Traditional IRAs were designed to provide an opportunity for people to save for retirement on a pre-tax, tax-deferred basis. In other words, the money grows without having to pay any taxes currently on the gains.
Withdrawing from your IRA after age 59½
Reaching the age of 59½ is one retirement milestone many people look forward to. Once you reach this age, you can begin to take your IRA distributions penalty free! At this point you can take out as much as you want, whenever you want. But these withdrawals are taxed! Every dollar you withdraw will be treated as if you earned the money during the year and taxed as ordinary income based on your current tax bracket.
Now, just because you turned 59½ doesn’t mean you have to take the money out. You may decide you do not need the income and you can wait. Withdrawals, however, must begin by April 1 following the year in which you turn 70½. But you may not want to wait until then. If you do, you will be required to take two required distributions that year. This may put you in a higher tax bracket. Taking a distribution in the year you turn 70½ will avoid this issue.
Withdrawing from your IRA before age 59½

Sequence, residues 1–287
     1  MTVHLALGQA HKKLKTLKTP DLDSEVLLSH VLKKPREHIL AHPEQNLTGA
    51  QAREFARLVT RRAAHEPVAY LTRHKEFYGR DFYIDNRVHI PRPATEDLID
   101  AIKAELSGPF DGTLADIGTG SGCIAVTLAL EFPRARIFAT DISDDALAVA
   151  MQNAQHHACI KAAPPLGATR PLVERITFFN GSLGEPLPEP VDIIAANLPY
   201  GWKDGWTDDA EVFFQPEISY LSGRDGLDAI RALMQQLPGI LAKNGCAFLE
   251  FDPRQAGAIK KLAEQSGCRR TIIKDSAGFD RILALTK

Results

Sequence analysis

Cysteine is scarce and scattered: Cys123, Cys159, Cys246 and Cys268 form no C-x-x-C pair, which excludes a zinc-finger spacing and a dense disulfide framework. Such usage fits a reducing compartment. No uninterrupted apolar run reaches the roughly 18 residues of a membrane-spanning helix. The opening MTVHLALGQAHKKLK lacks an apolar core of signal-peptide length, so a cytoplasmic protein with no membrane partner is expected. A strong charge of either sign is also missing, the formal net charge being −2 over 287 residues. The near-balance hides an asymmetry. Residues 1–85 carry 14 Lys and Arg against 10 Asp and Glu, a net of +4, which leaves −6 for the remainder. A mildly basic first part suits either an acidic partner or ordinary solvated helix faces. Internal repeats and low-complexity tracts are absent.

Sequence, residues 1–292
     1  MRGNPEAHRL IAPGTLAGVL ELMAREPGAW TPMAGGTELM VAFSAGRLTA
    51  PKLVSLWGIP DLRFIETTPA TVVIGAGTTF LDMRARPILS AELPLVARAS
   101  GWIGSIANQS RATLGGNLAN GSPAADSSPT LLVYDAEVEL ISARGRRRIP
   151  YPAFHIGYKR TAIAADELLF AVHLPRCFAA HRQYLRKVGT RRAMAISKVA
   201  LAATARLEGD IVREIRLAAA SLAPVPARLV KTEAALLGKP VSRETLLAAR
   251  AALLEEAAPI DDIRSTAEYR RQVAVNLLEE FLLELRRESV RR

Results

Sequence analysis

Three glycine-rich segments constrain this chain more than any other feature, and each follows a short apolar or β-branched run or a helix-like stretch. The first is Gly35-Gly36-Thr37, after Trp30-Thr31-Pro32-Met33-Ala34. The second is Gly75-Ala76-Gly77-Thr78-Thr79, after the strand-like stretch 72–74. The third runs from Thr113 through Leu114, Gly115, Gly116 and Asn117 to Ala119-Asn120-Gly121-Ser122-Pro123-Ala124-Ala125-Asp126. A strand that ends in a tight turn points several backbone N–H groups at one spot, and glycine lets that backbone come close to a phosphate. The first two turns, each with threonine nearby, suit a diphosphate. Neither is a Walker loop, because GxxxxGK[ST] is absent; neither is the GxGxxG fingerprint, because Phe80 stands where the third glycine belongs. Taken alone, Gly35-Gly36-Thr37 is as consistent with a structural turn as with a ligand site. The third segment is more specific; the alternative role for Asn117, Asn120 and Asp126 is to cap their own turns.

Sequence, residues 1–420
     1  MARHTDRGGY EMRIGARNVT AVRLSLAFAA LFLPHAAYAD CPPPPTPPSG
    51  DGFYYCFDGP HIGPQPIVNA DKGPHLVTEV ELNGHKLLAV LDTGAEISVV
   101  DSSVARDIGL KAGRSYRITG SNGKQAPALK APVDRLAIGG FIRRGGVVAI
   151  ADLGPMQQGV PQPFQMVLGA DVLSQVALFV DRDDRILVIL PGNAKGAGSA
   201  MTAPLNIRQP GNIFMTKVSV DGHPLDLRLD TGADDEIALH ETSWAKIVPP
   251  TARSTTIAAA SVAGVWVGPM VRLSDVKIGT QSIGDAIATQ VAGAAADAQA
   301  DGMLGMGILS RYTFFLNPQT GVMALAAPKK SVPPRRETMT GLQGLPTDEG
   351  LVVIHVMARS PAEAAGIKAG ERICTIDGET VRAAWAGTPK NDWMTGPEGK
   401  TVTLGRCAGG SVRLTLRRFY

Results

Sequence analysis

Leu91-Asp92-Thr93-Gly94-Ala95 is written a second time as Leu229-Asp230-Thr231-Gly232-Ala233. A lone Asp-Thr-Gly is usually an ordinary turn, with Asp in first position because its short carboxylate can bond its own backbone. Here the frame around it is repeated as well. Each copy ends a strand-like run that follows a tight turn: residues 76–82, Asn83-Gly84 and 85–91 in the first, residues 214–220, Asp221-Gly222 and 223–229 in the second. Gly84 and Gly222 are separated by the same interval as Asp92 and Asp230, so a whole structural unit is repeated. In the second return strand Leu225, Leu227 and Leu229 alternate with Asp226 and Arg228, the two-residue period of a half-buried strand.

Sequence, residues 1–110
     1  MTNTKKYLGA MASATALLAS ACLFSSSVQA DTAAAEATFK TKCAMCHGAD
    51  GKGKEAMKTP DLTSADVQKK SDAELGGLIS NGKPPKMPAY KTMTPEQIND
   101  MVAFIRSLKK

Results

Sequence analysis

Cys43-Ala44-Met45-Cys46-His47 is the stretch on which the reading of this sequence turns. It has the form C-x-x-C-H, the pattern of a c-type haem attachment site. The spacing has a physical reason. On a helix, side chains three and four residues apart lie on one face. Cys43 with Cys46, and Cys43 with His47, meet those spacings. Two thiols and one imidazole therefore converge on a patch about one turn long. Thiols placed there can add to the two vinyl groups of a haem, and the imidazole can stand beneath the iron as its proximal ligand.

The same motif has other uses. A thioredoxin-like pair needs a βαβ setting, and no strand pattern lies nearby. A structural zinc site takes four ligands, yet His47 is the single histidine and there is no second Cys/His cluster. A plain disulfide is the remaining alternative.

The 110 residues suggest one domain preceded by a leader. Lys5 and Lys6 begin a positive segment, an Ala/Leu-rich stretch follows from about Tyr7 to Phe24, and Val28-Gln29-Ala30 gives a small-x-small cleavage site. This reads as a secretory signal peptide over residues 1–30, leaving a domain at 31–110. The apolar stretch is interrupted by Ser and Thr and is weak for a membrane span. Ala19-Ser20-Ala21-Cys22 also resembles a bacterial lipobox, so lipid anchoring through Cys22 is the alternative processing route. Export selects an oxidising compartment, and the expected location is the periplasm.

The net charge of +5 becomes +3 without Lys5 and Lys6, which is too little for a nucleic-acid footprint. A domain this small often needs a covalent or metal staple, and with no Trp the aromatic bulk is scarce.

Before retirement you can withdraw your money from an IRA any time you’d like, but you should be aware of the tax and penalty ramifications.
IRA distributions prior to age 59½ are subject to a federal 10% premature withdrawal penalty. They are also included in income and taxed as ordinary income. There are some exceptions where you can withdraw before you reach the age of 59½ where you will not be subject to the penalty.
The early withdrawal penalty does not apply to distributions that occur or are:
- Due to the IRA owner's disability.
- Due to the IRA owner's death.
- A series of "substantially equal periodic payments" made over the life expectancy of the IRA owner.
- Used to pay for unreimbursed medical expenses that exceed 7½% of Adjusted Gross Income (AGI).
- Used to pay medical insurance premiums after the IRA owner has received unemployment compensation for more than 12 weeks.
- Used to pay the costs of a first-time home purchase (subject to a lifetime limit of $10,000).
- Used to pay for the qualified expenses of higher education for the IRA owner and/or eligible family members.
- Used to pay back taxes because of an Internal Revenue Service levy placed against the IRA.
Again, these exceptions are for the 10% premature distribution penalty NOT income taxes! You still have to pay income taxes on any withdrawal you take out.
ACTION ITEM: If you are thinking of withdrawing from your IRA, consult with your CPA to fully understand the tax ramifications.
Thomas F. Scanlon, CPA, CFP ®
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